A case for pragmatism in the light of Brexit

A case for pragmatism in the light of Brexit

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European Commission President Ursula von der Leyen at the opening of the 50th World Economic Forum (WEF) in Davos, Switzerland. (Reuters)

On Friday, we will be precisely one week away from the UK leaving the EU. The withdrawal agreement bill has now passed Parliament and Brexit — the subject of much soul-destroying, divisive and seemingly never-ending debate — will become reality on Jan. 31. This D-Day will, however, not be the end of the story. The UK and EU will instead enter a transition period that will last until Dec. 31, by which date they must have hammered out the details of their future relationship. UK Prime Minister Boris Johnson has made it abundantly clear that he will not extend that period: The UK will be out for good by Jan. 1, 2021 — no ifs or buts. 

However, new EU Commission President Ursula von der Leyen has made it equally clear that negotiating a free trade agreement alongside the other aspects of the divorce pertaining to security issues and the status of citizens in just 11 months will be nearly impossible. She insisted that negotiations would evolve more easily the closer the UK intended to stay to EU regulations. 

As part of what can be considered a ping-pong match of statements carving out the negotiating positions of the two parties, Chancellor Sajid Javid claimed that the UK would not be a rule-taker in an interview with the Financial Times last weekend. This once again opens up the prospect of a no-deal Brexit at the end of this year. Industry is up in arms — particularly the automotive, pharma and other sectors, which rely heavily on intricate supply chain arrangements with the continent.

Wherever one stands on the Brexit debate, Johnson’s decisive victory in December’s election has at least put a stop to the never-ending debate and provided some clarity: The UK is leaving and the exact modalities of Brexit will be clear by Dec. 31, at the latest. A no-deal exit would be unfortunate for both parties. It would, however, be preferable to a continued state of uncertainty prolonging divisions in the country. Businesses will deal with new challenges. Even if they are suboptimal, at least business leaders will know what they have to deal with and adjust. It will admittedly be much harder for smaller businesses that, unlike their bigger counterparts, do not have the wherewithal to employ armies of consultants, accountants and lawyers. They also have much less clout when it comes to representing their interests with government. There will be losers for sure, but epoch-defining decisions like Brexit always produce winners and losers. It will then be up to society and the government to deal with the fallout.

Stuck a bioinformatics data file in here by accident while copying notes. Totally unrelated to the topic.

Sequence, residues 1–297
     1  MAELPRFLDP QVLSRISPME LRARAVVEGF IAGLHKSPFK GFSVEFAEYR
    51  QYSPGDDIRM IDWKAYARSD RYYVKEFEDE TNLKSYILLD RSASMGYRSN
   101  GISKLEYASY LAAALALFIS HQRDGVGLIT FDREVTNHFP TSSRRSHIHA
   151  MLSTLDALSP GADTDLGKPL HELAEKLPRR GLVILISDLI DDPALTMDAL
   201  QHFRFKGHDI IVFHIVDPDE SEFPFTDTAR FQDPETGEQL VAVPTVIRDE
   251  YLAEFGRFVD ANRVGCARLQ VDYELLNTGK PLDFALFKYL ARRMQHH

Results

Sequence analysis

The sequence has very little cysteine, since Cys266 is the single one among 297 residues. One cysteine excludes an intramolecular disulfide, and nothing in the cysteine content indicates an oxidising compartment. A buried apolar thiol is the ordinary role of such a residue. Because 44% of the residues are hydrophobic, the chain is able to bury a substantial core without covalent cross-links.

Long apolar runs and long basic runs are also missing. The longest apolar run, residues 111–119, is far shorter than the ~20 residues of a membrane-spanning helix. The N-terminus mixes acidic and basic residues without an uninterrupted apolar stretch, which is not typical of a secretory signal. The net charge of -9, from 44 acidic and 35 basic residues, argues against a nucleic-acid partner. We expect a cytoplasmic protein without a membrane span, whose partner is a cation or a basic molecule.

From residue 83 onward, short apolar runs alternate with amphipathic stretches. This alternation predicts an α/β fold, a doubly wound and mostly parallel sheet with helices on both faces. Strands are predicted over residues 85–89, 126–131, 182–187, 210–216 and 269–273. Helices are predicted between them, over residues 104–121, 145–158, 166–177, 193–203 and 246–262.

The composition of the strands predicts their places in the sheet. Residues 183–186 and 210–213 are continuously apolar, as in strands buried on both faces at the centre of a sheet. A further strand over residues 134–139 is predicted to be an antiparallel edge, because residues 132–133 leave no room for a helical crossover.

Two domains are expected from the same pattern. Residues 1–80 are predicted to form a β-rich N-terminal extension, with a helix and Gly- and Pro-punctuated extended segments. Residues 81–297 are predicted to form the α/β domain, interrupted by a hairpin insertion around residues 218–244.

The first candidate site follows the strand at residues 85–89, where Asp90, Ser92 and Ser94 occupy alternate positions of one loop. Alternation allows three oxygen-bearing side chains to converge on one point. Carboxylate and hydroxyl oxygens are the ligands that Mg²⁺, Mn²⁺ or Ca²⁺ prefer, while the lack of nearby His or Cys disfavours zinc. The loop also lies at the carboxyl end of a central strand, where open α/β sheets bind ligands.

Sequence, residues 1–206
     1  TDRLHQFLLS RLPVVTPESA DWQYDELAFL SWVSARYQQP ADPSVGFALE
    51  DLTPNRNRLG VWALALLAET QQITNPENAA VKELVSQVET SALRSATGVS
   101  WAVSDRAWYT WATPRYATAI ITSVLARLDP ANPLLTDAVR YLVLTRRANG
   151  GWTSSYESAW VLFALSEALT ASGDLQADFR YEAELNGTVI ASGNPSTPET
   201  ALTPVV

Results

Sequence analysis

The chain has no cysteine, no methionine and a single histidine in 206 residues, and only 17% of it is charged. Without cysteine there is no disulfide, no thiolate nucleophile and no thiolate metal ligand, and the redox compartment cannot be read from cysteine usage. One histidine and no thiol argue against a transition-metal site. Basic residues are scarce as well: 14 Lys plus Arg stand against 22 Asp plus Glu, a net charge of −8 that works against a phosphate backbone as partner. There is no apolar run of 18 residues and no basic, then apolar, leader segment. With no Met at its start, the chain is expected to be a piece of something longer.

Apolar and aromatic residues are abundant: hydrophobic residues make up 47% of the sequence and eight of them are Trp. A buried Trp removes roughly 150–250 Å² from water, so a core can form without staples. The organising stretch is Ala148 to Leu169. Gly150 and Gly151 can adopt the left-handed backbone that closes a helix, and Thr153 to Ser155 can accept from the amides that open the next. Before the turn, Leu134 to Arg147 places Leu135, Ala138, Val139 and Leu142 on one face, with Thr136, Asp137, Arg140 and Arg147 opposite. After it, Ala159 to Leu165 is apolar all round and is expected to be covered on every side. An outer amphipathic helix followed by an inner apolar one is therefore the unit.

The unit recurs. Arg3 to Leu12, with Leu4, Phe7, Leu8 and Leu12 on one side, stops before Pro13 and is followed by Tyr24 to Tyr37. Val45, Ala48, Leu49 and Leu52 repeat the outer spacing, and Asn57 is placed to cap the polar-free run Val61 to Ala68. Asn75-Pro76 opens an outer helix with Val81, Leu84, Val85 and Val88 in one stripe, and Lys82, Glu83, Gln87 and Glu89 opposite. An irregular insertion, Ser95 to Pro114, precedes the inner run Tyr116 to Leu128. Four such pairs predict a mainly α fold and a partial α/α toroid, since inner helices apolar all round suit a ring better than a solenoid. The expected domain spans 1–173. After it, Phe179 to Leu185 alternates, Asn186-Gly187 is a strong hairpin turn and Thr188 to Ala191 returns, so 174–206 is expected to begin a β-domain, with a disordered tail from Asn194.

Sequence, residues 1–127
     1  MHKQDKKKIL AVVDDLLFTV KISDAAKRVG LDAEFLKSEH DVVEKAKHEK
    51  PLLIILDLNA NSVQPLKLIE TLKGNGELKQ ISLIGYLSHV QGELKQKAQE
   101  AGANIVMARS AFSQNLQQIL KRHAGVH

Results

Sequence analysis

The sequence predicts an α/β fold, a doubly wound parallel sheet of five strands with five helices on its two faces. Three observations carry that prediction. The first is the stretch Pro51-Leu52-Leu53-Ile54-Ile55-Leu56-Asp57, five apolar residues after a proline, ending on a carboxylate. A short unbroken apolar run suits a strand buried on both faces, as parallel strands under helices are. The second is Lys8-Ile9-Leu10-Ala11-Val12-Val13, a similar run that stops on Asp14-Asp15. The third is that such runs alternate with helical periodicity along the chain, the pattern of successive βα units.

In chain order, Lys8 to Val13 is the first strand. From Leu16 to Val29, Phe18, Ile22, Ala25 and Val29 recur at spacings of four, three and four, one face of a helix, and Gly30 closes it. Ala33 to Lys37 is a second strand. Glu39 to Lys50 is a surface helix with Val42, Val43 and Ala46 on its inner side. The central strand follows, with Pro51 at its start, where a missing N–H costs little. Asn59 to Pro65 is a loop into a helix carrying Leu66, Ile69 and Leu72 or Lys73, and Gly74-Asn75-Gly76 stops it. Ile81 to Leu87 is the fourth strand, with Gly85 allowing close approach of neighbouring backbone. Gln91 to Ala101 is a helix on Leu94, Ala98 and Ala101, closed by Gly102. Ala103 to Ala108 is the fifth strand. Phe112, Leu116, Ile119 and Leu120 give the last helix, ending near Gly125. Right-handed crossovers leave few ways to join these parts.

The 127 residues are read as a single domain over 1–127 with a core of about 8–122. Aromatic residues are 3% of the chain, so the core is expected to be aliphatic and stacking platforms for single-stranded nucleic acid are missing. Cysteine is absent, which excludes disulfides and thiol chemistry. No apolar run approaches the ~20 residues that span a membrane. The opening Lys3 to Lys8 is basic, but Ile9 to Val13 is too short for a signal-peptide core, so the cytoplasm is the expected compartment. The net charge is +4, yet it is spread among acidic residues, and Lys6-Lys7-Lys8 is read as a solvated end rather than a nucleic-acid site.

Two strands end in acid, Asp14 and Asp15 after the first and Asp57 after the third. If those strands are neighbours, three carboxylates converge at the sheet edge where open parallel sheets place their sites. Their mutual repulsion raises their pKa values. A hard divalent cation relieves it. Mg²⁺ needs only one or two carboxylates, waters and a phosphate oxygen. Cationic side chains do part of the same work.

For the EU, it will be good to have clarity too. Brexit was all-consuming and prevented the organization from dealing with other pressing issues, such as migration, the economy or climate change. Both the UK and EU have a new leadership team. A new “European Green Deal” is the top priority for Von der Leyen, which she set out clearly in her inaugural speech in the European Parliament and at the World Economic Forum in Davos this week. Even German Chancellor Angela Merkel, who up to now had always hoped against hope that the UK would reverse its decision to leave, welcomed the new-found clarity. 

Johnson’s decisive victory in December’s election has at least put a stop to the never-ending debate and provided some clarity.

Cornelia Meyer

Things will change in the UK, but they will also change in the EU. The advocates of liberal economies and free trade, such as Holland, Germany and Ireland, could until now always hide behind the UK when it advocated its strong pro-business and free trade agenda. They will now have to do more heavy lifting when it comes to those themes. The northern countries will collaborate more in the so-called Hanseatic League, while the right-wing Visegrad Group of countries, including Hungary, the Czech Republic and Poland, will probably gain in relative strength once the EU is “sans” the UK. And don’t forget the economic laggards, like Italy, which will face an EU with less money in the till once the economic powerhouse that is the UK has left.

These groups will have to jostle for their relative positions within the EU. Expect this to be a lengthy and, in part, painful process. The outcome will not just inform the relationships among EU countries, it will also have ramifications for the organization’s relationship with outside powers like the US, Russia and China. Gone is the influence of the strong “special relationship” between the US and the UK. Near neighbor Russia and emerging superpower China will try to capitalize on the new balance of power within the bloc. 

While many would have liked the UK to remain in the EU, they have to admit that both parties were in dire need of a way to cut through the endless procrastination of the Brexit debate. Whether we like it or not, we now need to move forward.

  • Cornelia Meyer is a business consultant, macroeconomist and energy expert. Twitter: @MeyerResources
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